I lived in two different spots in one housing tract in Southern California for a total of about 8 years.  I’ve included a map of the tract for illustration of the “better” places in a tract.tract

The two yellow streets are main traffic corridors with 3 lanes of traffic in each direction.  The street at the top is two lanes in each direction, the street at the bottom is one lane in each direction.  There are eleven entrances into the tract (marked by red dots).  There is a large condo complex and a shopping center bordering the tract on the left side.

To make it easy, I make a green circle in the center that indicates the preferred area to live in this tract.  The streets toward the bottom of the tract might also be acceptable, but there is high density housing across the street.  Generally, the outer streets of any tract will be less desirable because they are impacted by traffic and noise from outside the tract.  The homes backing up to the condos and shopping center don’t have traffic, just multi-story buildings near their backyards.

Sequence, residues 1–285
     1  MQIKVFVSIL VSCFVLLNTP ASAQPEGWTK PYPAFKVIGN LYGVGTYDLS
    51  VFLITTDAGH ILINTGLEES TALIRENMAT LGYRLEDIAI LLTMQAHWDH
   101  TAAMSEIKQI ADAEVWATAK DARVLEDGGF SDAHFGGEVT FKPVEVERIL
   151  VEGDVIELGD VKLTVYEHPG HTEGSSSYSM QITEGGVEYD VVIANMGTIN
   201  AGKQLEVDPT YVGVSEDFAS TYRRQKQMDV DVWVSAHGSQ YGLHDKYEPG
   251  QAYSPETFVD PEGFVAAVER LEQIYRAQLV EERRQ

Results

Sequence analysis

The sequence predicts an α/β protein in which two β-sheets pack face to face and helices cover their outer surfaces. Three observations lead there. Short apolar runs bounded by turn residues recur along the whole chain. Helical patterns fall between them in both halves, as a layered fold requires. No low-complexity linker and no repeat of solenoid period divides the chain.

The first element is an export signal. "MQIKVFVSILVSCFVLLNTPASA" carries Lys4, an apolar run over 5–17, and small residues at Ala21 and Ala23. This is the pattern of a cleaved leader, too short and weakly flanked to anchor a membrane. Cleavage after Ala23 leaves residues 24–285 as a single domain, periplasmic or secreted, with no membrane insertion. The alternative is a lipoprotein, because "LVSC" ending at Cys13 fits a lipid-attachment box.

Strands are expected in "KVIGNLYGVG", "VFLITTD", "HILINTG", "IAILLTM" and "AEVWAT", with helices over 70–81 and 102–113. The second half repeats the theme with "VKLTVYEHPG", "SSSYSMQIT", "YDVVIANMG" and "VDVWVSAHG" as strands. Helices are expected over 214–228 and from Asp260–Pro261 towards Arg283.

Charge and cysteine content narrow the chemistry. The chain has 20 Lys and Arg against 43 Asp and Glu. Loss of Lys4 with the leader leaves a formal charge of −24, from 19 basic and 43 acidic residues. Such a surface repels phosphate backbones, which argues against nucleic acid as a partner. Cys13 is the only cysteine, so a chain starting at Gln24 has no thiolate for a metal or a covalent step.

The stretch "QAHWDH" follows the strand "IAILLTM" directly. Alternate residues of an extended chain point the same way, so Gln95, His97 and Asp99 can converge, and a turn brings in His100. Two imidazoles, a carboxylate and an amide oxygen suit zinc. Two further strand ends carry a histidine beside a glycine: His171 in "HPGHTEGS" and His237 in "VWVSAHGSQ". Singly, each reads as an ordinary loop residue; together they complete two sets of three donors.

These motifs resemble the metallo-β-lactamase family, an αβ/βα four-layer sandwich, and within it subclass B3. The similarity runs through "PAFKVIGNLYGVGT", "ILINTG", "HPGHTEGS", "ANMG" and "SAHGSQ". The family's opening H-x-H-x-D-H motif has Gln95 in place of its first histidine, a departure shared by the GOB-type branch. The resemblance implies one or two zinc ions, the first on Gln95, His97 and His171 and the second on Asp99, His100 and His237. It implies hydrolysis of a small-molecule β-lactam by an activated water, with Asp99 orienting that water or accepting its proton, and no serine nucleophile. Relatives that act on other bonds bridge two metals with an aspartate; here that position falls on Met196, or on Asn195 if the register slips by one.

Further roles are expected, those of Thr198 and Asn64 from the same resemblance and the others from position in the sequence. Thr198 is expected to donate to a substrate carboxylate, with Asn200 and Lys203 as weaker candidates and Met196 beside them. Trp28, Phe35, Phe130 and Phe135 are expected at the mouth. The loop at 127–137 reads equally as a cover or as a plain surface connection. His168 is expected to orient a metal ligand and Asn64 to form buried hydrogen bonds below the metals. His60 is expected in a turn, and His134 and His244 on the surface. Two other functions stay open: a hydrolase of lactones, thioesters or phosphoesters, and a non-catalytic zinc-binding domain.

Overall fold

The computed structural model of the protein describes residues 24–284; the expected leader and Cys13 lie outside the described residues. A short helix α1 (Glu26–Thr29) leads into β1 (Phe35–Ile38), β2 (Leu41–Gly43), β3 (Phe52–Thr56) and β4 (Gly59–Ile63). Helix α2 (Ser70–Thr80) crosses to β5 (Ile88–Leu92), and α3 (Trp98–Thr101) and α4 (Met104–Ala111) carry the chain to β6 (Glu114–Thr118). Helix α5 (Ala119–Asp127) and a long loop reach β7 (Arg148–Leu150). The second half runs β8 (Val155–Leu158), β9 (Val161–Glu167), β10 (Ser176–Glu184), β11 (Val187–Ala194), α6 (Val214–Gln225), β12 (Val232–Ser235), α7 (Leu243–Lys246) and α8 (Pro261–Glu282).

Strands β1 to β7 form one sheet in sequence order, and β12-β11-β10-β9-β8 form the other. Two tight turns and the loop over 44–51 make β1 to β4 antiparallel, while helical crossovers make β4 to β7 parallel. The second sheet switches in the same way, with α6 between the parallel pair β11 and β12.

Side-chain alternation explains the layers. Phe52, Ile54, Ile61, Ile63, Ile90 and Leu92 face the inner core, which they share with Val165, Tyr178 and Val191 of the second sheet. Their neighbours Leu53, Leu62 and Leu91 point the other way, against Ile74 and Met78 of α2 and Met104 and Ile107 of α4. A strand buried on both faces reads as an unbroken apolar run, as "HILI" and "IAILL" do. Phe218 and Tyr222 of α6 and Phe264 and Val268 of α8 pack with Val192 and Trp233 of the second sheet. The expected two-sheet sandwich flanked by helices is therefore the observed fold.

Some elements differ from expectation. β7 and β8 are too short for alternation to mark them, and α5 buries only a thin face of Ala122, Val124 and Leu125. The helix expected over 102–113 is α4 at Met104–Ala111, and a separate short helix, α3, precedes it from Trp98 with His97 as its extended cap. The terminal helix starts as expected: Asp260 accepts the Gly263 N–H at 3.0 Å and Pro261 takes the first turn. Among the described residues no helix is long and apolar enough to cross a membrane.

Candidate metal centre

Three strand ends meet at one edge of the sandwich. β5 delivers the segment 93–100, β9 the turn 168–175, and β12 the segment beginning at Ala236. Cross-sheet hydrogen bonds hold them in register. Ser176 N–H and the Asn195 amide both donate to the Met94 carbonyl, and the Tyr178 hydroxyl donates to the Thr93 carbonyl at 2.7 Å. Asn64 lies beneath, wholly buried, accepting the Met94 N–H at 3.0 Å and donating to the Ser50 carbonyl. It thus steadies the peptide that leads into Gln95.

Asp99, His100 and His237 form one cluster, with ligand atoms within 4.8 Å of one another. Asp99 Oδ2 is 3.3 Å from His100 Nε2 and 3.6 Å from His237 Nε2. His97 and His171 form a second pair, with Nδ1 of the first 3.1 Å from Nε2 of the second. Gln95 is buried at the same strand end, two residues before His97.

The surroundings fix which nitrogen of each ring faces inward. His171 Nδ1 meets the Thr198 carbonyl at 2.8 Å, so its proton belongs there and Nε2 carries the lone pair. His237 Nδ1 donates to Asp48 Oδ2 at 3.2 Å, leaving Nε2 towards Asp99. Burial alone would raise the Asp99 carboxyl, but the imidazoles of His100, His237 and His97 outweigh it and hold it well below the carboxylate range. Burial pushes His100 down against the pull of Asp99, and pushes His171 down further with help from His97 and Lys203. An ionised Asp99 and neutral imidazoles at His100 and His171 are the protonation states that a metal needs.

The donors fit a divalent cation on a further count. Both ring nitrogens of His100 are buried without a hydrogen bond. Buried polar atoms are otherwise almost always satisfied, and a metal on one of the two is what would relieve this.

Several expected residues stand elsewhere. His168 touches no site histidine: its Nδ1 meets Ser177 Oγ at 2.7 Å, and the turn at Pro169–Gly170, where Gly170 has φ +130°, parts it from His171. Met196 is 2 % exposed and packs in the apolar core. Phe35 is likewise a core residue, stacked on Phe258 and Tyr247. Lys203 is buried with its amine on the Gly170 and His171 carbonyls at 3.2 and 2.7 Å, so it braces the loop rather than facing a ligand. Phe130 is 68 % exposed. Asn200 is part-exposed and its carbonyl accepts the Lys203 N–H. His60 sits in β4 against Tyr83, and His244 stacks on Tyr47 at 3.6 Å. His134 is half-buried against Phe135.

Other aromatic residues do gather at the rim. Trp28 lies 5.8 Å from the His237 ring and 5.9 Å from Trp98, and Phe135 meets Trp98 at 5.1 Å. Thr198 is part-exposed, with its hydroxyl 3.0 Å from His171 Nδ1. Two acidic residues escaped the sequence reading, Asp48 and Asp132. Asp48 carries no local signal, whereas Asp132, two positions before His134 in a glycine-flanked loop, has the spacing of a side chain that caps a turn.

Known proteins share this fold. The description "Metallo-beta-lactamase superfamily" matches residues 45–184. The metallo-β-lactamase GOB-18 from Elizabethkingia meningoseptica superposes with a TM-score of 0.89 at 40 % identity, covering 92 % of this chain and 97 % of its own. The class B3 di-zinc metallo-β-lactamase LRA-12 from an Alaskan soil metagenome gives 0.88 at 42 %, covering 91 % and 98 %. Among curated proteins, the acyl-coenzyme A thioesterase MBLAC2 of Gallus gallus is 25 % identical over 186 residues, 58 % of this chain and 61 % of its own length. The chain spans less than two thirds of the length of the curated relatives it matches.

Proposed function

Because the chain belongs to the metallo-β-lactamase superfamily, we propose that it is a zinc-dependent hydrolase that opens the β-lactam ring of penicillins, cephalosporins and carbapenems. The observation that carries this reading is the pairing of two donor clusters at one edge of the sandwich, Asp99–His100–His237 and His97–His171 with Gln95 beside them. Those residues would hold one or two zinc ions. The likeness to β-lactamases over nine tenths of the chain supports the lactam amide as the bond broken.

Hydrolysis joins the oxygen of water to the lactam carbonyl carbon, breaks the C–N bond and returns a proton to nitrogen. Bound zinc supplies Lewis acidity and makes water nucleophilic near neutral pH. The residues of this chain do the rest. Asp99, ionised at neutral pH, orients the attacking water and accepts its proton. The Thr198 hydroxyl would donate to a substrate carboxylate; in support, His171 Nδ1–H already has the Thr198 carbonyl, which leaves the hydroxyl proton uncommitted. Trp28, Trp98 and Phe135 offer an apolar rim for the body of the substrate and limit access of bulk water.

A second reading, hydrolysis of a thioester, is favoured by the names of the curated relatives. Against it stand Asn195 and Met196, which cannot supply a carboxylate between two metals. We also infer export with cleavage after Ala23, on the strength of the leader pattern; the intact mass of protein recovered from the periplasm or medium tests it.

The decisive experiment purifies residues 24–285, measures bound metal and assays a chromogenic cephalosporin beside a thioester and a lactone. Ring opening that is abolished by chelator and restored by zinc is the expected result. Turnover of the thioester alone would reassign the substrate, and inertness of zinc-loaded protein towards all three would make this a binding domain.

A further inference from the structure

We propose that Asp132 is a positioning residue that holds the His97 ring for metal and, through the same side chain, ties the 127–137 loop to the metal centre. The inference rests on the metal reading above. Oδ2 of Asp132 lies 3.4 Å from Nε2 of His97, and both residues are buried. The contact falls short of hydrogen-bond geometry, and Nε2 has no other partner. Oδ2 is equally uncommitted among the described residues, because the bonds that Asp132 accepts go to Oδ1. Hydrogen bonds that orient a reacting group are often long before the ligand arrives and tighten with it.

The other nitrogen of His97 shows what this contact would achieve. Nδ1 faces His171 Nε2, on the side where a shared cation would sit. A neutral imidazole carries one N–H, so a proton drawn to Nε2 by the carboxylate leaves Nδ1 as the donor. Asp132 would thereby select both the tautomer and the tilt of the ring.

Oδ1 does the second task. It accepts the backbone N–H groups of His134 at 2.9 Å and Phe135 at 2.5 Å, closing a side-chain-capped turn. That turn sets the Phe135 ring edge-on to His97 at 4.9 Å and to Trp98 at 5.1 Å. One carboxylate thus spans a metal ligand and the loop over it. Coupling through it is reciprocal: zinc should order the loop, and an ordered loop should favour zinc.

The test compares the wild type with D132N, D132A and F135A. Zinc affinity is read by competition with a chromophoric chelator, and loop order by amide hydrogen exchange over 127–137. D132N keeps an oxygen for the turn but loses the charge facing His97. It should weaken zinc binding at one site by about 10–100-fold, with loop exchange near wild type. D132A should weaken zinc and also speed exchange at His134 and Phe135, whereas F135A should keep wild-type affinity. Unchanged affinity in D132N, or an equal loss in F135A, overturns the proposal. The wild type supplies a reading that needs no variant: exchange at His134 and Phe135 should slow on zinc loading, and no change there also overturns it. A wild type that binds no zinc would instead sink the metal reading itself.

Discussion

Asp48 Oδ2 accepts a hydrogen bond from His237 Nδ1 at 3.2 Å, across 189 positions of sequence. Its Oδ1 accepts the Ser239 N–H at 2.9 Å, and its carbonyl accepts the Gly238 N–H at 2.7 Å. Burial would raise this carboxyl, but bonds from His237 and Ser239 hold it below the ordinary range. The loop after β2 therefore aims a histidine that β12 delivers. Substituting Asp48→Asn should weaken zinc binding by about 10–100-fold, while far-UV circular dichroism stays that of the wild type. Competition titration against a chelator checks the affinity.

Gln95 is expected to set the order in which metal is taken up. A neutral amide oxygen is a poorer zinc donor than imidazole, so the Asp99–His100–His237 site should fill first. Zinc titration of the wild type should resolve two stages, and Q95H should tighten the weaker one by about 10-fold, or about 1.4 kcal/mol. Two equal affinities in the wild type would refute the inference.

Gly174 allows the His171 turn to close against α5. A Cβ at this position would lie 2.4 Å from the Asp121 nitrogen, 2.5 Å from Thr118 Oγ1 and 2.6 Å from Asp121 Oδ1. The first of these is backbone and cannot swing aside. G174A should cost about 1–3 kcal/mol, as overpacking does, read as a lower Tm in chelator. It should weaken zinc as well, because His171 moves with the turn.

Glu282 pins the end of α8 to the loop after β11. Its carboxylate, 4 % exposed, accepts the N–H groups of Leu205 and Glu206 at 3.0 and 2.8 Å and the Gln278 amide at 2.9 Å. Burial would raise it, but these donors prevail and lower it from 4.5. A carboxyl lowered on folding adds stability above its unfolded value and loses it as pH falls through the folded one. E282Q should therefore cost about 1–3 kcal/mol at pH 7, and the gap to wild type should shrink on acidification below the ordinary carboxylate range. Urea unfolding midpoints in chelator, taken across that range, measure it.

Because traffic backs up on the various streets outside the tract, people attempt to beat traffic by cutting through the tract.  Any streets that provide an opportunity for people to “cut through” should be avoided.

The green outlined area doesn’t include streets that provide direct entry into the tract, it is far enough from high traffic streets to where noise isn’t an issue and although it is possible to get from one side of the tract to the other using those streets, it isn’t effective to do so.
In short, the location minimizes undesirable impacts.

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